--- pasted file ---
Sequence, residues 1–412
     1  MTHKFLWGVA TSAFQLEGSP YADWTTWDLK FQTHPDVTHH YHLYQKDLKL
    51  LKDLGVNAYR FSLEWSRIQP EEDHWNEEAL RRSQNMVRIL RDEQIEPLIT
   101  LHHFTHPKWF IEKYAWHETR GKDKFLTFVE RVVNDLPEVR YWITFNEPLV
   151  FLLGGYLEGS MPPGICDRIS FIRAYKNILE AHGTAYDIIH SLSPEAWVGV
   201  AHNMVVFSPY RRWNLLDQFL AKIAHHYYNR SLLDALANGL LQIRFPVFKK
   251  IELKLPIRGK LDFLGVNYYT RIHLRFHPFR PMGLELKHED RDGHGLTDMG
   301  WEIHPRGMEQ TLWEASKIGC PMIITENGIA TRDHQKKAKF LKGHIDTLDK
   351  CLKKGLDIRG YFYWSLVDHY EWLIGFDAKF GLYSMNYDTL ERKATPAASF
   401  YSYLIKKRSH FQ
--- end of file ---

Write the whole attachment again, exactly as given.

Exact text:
Sequence, residues 1–412
     1  MTHKFLWGVA TSAFQLEGSP YADWTTWDLK FQTHPDVTHH YHLYQKDLKL
    51  LKDLGVNAYR FSLEWSRIQP EEDHWNEEAL RRSQNMVRIL RDEQIEPLIT
   101  LHHFTHPKWF IEKYAWHETR GKDKFLTFVE RVVNDLPEVR YWITFNEPLV
   151  FLLGGYLEGS MPPGICDRIS FIRAYKNILE AHGTAYDIIH SLSPEAWVGV
   201  AHNMVVFSPY RRWNLLDQFL AKIAHHYYNR SLLDALANGL LQIRFPVFKK
   251  IELKLPIRGK LDFLGVNYYT RIHLRFHPFR PMGLELKHED RDGHGLTDMG
   301  WEIHPRGMEQ TLWEASKIGC PMIITENGIA TRDHQKKAKF LKGHIDTLDK
   351  CLKKGLDIRG YFYWSLVDHY EWLIGFDAKF GLYSMNYDTL ERKATPAASF
   401  YSYLIKKRSH FQ